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  • Created on: 15-05-14 19:04
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Geography: Coasts Revision
Key words
Weathering: the decomposition and disintegration of rock material in situ (its original place)
Erosion: the wearing away and removal of material by a moving force
Mass movement: Removal of cliff-face material under influence of gravity (e.g. Rock falls/slides/
Wave: ridge of water formed by circular movement of water near surface of the sea
Concordant coastline: layers of hard and soft rock parallel to coastline
Deposition: accumulation of material along shoreline. Waves lay down this material when they
reach a sheltered area
Fetch: length of time/distance over which wind has been blowing
Swash: forward movement of water up the beach until all energy lost- from wave breaking
Backwash: movement of water down beach due to gravity
Wavelength: distance between two successive crests/troughs
Wave height: distance between a crest (top of wave) and trough (bottom of wave)
Sub-aerial processes- Weat hering
1. Freeze-thaw- mostly in highland areas
a. Water enters cracks
b. Water expands as freezes, enlarging crack
c. Over time cracks enlarge so much that bits of rock fall off
d. Rocks build up to form screes on slopes
2. Exfoliation- mostly in deserts
a. Outer layers heated by sun and expand
b. At night rock cools + contracts
c. Over time, a layer will `peel' off
1. Salt crystallisation
a. Salt water is high in salt
b. Sea water at coast bombards cliff face
c. Water evaporates easily, leaving salt crystals
d. Salt crystals invade rock, causing breakdown
2. Oxidation- affects iron-rich rock + visible by rust colour
a. Result of exposure to water
b. Causes chemical breakdown of rock
1. Mechanical: roots of plants (esp. Trees) growing in cracks in rocks, eventually split rocks apart
2. Chemical: Release of organic acids from vegetation breaks rocks down
Land forms created by coas tal erosion
- Discordant coastlines (hard and soft rock at right angles to sea)
- Weak rocks eroded by abrasion bay beach
- Headlands formed from resistant hard rock cliffs

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Depositional landforms
- Formed when material builds up faster than waves can move them away. Waves are
constructive (stronger swash than backwash). Destructive waves erode material so provide
sediment for deposition
- Spit- formed by material transported by LSD to the end of the beach in areas where coastline
changes direction (sediment low energy environment deposited as can't be transported).
If there's a river, spit causes it to deposit sediment on landward side of spit, causing salt
marshes to form.…read more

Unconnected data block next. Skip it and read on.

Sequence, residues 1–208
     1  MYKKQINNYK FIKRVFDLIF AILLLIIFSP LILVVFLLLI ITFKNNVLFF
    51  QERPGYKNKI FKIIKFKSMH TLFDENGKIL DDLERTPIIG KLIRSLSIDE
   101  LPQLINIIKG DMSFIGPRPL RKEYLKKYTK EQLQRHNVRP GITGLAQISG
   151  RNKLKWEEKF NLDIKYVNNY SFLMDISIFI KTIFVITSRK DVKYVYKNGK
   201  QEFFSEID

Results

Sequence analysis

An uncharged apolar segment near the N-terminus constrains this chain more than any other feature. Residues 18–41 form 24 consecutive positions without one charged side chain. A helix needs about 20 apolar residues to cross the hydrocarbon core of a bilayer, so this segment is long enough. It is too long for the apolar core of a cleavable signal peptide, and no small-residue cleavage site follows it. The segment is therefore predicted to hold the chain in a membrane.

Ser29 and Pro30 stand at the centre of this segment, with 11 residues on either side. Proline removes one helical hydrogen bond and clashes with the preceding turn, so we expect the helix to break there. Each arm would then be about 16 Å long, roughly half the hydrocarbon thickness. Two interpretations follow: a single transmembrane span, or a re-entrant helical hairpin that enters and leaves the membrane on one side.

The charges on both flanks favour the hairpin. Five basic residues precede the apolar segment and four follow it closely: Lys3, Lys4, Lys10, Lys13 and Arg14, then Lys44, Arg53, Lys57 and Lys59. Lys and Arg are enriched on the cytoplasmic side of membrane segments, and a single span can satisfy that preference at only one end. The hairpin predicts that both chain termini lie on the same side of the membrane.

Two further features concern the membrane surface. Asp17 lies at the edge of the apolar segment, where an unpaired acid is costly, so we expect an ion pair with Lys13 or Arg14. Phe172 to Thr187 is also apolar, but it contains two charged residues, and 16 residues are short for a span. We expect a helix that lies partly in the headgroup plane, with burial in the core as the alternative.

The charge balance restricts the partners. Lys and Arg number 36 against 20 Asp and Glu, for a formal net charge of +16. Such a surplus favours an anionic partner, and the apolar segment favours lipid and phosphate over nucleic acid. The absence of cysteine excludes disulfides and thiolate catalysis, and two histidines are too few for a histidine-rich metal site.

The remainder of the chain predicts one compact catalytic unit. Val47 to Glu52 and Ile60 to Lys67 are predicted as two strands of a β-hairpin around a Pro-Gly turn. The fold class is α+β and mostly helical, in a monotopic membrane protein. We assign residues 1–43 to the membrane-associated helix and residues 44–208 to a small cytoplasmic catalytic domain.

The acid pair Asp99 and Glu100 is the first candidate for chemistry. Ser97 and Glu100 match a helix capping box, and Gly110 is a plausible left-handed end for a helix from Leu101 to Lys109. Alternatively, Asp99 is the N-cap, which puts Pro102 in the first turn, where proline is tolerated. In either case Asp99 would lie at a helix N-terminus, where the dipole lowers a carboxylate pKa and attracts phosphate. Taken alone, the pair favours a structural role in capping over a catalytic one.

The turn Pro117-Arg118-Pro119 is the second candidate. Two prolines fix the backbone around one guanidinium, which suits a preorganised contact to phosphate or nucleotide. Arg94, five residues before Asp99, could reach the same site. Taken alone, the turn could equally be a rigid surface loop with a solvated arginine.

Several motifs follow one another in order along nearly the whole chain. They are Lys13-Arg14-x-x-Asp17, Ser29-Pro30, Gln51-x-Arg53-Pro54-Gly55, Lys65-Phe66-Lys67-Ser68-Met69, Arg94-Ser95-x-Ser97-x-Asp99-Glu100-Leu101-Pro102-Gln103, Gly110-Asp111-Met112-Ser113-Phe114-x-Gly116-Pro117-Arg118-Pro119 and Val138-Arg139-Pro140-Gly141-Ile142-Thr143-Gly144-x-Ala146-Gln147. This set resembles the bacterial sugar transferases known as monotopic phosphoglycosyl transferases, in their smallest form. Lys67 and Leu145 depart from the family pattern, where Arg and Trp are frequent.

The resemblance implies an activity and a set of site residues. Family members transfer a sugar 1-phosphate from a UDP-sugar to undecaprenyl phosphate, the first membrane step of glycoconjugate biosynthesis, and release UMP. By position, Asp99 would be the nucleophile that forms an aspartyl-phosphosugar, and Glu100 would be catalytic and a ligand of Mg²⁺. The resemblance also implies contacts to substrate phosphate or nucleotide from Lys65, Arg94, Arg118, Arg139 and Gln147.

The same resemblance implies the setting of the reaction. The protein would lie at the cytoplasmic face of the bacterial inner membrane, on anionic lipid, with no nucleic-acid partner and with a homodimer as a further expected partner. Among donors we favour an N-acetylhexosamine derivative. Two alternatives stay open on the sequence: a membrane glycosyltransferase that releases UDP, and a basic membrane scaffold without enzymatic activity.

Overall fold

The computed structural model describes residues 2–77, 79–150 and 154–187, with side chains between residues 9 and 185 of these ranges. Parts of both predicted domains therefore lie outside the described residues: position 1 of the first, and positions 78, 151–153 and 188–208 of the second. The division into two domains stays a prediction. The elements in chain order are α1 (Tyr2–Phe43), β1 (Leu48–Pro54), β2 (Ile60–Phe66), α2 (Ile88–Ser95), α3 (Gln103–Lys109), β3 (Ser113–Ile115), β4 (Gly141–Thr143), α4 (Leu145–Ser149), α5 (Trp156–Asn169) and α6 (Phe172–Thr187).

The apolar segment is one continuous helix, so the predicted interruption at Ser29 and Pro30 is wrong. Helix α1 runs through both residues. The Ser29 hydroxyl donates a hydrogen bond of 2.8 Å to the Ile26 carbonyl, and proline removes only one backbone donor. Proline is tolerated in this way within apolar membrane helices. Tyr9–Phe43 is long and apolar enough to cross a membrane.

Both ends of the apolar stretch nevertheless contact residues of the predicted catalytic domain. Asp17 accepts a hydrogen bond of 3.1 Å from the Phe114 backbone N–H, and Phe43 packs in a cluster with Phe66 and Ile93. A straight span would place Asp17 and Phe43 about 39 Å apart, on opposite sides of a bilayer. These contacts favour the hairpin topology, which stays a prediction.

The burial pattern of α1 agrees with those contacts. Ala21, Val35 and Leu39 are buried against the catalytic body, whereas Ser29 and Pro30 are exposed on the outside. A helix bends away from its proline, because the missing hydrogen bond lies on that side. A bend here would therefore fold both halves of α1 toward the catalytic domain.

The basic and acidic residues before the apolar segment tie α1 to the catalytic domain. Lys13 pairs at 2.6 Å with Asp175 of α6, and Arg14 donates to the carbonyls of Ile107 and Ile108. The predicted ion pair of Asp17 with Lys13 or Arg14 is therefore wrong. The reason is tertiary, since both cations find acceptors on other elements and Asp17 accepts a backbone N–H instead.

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Hard rock Soft rock
Shape of cliffs High, steep Lower, less steep
Cliff face Rugged bare rock Smoother rock, evidence of slumping
Foot of cliff Boulders, rocks Sand, mud, few rocks
- Must be adapted to saline conditions
- Preserve and protect coastal landforms (see: Coral reefs, mangroves)
Sea-level change
- Eustatic change: global sea-level change from change in ocean volume due to (inter)glacial
- Tectonic/isostatic change: relative rise or fall in land due to tectonic/local glacial activity
- Isostatic rebound: rise in…read more

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Pollution (e.g.…read more

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Photo Type of defence Pros and cons
Sea wall- absorb and reflect Pros: protect base of cliff/buildings/land,
power of waves can prevent coastal flooding
Cons: Expensive to build and maintain,
erode over time, curved walls reflect
energy waves remain powerful
Groyne- wooden/concrete/ Pros: prevent movement of material, allow
stone barrier at right angle to build up of beach (natural sea defence,
beach, interrupting water flow tourist attraction)
and transportation of material Cons: Unattractive, expensive to build/
by LSD maintain, many needed
Rock armour- boulders Pros:…read more

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Photo Type of defence Pros and cons
Cliff regrading and re-vegetation- Pros: work with nature
cliffs cut back gentle slope no sustainable, prevent cliff collapse,
slumping. Drainage pipes installed vegetation = new habitats for wildlife
remove excess water and prevent slip Cons: expensive/complex
planes.…read more

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Less sediment deeper Humber estuary inland more susceptible to flooding
- Defences aren't long term due to sea-level rising
Stakeholders' views
- Stakeholders: local council, taxpayers, residents, business owners, conservationists/scientists
- East Yorkshire council: want to limit impact (cost-benefit analysis), balance of everyone's
requirements (so sediment Humber must continue to stop inland flooding)
- East Yorkshire council tax payers: Balance between sea defence and land loss wanted (tax pays
for both)
- Hornsea cliff top caravan site owner: in favour of any engineering strategy to…read more

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How it's being managed
- Environmental: threatened vegetation (e.g.…read more


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